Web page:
I don’t really see the point of telling people that they can read more about a project’s history in (surprise!) HISTORY.md.
All these things are obvious/standard, or can be found with negligible effort. Simply restating them leads to infinite regress: from then on, you have to think about the possibility of people not finding the meta-documentation where you pointed them to the documentation.
I think it would be best for future discussion about similar topics if people who had a hard time finding some information despite making a reasonable effort came forward and talked about their experience. This would allow us to improve the documentation where needed.
I only partially agree with this argument that has been raised several times. Other than old users, new users that come from a Matlab background will have (bad) surprises that v0.7 warns about but v1.0 just erros (linspace and repmat come to my mind but I have crossed with other situations).
AFAIK there was no explicit intent to warn Matlab users specifically. This is just accidental and covers a subset of Matlab idioms that were used in Julia initially. Matlab users should benefit from the writeup of differences.
But they were never part of Python. They were part of Julia, and new users get confused when they try to run example code found online.
There might not exist a quick fix, and it will fix itself in time. Or maybe there just needs to be some clearer instructions on the Downloads page. Right now there is, in fact, some text explaining when using v0.7 might be useful. Perhaps that text should just be moved up and highlighted.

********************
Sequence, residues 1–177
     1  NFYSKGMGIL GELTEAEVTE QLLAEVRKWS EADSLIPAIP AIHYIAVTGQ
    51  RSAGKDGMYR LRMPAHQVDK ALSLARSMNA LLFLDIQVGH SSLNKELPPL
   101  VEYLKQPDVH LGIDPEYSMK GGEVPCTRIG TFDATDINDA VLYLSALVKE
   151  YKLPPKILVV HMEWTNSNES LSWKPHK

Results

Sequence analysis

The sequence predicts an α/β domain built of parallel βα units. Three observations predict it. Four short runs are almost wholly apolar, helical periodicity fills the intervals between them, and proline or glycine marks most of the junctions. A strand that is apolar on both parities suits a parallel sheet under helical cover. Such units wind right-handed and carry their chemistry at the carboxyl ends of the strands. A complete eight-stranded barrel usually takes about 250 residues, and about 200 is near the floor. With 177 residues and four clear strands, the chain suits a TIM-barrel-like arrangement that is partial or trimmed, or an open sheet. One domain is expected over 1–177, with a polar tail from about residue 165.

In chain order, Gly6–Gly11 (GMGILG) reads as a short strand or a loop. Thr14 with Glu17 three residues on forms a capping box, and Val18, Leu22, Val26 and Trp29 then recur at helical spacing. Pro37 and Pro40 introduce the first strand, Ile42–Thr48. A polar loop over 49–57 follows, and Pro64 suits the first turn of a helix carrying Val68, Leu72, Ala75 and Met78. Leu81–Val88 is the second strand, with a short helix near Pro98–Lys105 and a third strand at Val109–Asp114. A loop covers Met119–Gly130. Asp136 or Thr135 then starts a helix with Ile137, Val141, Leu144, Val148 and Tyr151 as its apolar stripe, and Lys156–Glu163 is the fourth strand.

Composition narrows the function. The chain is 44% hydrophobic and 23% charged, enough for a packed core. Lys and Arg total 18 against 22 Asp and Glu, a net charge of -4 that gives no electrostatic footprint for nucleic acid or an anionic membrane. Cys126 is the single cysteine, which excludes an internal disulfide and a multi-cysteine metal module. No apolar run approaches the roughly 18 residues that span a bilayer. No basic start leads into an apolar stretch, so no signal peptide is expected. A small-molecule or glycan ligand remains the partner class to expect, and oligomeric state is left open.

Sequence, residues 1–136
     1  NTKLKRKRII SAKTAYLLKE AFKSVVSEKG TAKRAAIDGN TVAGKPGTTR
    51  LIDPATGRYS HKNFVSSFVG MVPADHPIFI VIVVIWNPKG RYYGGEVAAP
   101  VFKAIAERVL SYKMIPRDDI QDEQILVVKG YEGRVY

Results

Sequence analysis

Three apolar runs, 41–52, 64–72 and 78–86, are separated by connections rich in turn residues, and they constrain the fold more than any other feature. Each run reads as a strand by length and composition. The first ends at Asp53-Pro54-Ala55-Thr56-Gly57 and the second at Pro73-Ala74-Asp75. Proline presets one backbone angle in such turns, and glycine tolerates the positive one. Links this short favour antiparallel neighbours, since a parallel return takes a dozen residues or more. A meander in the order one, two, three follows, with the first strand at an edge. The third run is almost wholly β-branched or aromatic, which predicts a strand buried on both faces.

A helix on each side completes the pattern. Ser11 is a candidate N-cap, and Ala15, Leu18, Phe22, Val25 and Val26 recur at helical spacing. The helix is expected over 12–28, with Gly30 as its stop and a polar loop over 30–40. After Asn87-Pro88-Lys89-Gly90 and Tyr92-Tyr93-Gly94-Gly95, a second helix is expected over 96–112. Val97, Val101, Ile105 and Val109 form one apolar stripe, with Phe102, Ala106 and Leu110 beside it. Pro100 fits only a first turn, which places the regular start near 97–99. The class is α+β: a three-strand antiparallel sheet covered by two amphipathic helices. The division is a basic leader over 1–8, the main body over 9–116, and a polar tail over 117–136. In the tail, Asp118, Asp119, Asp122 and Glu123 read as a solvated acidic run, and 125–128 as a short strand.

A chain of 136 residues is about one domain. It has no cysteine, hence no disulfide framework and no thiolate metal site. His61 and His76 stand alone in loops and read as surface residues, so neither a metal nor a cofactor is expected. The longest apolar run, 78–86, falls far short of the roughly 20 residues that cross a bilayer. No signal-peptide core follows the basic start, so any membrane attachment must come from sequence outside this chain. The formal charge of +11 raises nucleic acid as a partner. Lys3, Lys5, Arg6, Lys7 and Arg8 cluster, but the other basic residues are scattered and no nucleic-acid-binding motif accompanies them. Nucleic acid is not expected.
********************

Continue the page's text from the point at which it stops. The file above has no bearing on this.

I don’t think developers of a language are responsible for external tutorials and example code (except that provided in the documentation). It’s on the authors of those tutorials to specify the version used during the tutorial.
I agree - this would probably solve most questions of “why doesn’t this example from place y work anymore”, but as far as I can tell those are not the majority of questions about this (at least here on Discourse). As far as I can tell, the number of people updating older code and asking about why it doesn’t work anymore far outweigh those just newly learning julia (there might a be a large hidden figure here though). Those would certainly also be served well with a more direct message of “hey, use 0.7” on the download page. Maybe even something like
Updating code from before Julia 1.0? Use Julia 0.7 for deprecation warnings!
directly below the “Download Julia 1.0” button would be a nice addition.
Well, asymptotically they have worked for a fraction of the language age that will converge to 0
I have a somewhat pragmatic approach: given that developer time is scarce, I would rather see it focused on things other than keeping an implicit history of the language in Base just to be able to guide users about an upgrade path after the deprecation period has expired. Especially since we have amazing tools to update code.
Of course, if someone wants to maintain a parallel version of Julia with nice deprecation messages going back to ancient versions, they are welcome to do so (it is conceptually trivial, just a lot of tedious work). This could of course live in a package. Ultimately all of the discussions about what the language should do in these cases boils down to someone putting in the work.